As your specimens mature, you can allow the top inch or two of the potting medium to dry out between waterings.
Grafting is a form of propagation where a bud, cutting, or other structure from a parent plant, i.e. the scion, is fused with the lower tissue and root system, or rootstock, of a different parent.
The scion will yield perfect clones of the intended fruit with the help of additional desirable traits from the rootstock.
Grafting is definitely doable for a home gardener, but not a novice. It’s probably best to save grafting for the pros and seasoned amateurs.
Prior to transplanting, you’ll need to have your choice of specimen ready from an orchard, nursery, or online vendor. Those aren’t the only places you can acquire one, but they’re definitely solid go-to’s.
Once you’ve got your specimen, it’ll be ready to transplant in spring in frost-free regions. In locations where temperatures can dip below freezing, wait until after the final frost passes.
Select sunny, wind-protected planting sites of coarse, well-draining soil with a pH of 5.0 to 7.0.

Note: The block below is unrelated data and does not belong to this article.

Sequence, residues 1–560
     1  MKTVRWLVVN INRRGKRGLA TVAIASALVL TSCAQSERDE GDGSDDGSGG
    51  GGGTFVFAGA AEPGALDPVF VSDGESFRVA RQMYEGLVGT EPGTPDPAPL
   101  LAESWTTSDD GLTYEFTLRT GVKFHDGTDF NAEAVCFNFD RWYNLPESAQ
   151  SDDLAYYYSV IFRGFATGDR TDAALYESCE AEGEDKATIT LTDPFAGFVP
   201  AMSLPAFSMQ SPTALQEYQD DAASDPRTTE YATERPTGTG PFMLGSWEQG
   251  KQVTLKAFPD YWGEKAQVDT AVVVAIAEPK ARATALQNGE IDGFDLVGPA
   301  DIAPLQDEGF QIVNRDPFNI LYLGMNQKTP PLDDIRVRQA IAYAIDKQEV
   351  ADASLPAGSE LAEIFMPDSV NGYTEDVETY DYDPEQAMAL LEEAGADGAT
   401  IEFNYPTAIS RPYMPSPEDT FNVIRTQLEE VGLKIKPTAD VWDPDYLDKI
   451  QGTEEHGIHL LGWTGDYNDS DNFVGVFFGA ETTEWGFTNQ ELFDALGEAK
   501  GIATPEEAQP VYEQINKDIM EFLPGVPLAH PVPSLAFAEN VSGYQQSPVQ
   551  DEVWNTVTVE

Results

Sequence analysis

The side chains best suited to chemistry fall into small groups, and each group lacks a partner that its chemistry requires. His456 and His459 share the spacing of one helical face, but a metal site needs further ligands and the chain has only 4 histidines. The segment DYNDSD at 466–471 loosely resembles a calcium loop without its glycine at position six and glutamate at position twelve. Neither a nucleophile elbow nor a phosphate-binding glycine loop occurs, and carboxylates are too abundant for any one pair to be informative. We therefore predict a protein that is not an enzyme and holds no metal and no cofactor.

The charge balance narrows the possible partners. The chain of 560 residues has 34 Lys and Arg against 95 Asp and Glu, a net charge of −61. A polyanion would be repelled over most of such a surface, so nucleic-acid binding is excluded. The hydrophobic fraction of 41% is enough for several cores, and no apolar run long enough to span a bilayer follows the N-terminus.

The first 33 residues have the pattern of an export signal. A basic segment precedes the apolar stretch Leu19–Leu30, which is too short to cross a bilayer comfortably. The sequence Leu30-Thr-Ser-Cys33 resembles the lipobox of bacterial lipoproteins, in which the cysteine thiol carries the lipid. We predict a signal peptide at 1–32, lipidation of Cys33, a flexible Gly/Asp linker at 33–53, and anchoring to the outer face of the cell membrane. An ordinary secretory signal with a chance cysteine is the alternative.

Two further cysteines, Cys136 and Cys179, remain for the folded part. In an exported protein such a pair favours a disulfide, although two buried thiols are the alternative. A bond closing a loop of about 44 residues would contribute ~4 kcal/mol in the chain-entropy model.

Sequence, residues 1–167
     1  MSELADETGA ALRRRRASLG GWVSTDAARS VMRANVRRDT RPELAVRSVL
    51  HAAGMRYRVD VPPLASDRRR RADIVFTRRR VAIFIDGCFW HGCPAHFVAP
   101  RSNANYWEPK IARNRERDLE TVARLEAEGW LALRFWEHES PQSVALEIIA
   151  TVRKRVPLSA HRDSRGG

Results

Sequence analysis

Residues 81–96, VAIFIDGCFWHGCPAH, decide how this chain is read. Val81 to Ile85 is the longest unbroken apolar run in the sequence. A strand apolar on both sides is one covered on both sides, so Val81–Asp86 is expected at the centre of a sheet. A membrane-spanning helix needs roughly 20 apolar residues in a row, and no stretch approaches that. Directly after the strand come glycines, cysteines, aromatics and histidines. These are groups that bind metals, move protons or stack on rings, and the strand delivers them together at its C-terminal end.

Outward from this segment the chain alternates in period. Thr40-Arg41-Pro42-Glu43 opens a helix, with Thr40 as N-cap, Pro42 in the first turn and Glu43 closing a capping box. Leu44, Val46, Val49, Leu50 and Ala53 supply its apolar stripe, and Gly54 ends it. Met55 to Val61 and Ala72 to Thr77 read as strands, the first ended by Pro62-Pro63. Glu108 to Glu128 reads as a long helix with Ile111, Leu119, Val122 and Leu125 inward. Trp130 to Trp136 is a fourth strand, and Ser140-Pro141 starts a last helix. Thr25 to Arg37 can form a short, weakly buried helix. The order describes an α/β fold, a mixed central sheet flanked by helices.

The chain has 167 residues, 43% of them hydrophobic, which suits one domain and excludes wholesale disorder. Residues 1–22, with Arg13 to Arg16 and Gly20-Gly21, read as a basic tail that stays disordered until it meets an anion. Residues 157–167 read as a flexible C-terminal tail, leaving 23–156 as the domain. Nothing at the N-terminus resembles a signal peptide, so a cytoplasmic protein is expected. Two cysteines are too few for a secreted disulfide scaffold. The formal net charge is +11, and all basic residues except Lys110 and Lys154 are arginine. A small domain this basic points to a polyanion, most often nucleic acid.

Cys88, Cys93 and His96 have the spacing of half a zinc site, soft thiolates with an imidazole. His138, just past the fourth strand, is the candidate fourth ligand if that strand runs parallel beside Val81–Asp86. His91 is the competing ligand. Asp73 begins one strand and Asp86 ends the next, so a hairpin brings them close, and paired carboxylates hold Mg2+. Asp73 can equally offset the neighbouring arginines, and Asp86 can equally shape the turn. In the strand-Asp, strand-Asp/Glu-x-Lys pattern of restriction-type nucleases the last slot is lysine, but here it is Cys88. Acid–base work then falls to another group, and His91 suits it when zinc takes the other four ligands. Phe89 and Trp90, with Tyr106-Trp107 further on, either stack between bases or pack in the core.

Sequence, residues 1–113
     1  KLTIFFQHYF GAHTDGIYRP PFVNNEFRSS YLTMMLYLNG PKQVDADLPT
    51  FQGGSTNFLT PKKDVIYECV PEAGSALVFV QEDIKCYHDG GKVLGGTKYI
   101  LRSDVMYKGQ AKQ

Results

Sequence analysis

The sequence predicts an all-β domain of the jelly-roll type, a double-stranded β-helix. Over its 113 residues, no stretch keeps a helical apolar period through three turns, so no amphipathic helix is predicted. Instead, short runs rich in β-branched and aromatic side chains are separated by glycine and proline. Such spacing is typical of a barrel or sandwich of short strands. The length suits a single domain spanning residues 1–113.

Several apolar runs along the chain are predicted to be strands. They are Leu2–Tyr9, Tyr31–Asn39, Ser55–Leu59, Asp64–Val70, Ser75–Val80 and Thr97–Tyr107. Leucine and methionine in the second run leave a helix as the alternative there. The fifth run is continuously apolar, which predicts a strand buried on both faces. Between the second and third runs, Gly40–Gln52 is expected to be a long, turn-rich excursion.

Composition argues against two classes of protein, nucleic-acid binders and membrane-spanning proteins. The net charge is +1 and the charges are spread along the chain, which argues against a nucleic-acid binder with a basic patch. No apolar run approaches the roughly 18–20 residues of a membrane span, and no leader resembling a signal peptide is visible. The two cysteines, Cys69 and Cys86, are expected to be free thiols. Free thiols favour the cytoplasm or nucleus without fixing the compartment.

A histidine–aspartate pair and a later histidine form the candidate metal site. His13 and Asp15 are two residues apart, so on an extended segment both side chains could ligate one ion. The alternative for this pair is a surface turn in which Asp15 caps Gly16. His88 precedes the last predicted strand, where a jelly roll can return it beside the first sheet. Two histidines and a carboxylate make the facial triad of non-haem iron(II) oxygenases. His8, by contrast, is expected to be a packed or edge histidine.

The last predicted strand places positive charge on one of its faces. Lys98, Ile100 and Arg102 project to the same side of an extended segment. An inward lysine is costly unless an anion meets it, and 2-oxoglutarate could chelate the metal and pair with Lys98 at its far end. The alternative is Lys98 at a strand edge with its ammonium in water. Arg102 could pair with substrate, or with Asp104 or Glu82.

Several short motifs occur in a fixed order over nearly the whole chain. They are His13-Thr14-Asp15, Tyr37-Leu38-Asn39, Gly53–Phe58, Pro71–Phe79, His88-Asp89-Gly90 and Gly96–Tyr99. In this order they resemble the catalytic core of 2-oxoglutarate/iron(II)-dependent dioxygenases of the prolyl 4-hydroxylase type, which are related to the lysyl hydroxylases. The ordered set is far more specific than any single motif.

Space these sites at least 20 to 30 feet apart, and dig planting holes about as deep and a bit wider than the transplants’ root systems.
Gingerly remove the transplant from its container, as its roots are sensitive. Lower the plant into the ground, then alternate additions of dug-out soil and water into the hole until your transplant site is backfilled and watered in.
Keep the soil around the transplants moist until they become established. Staking the trunks of juvenile transplants can help prevent wind damage until establishment, if said winds are a threat.
For long-term pollination success, you’ll want to plant multiple varieties – some with Type A flowers, and some with Type B flowers. Type A cultivars include ‘Gwen,’ ‘Pinkerton,’ and ‘Reed,’ while ‘Bacon,’ ‘Shepard,’ and ‘Zutano’ are Type B varieties.
How to Grow Avocado Trees
All right, so you’ve got an avocado tree in the ground? Fantastic! Let’s learn how to keep it alive and well, shall we?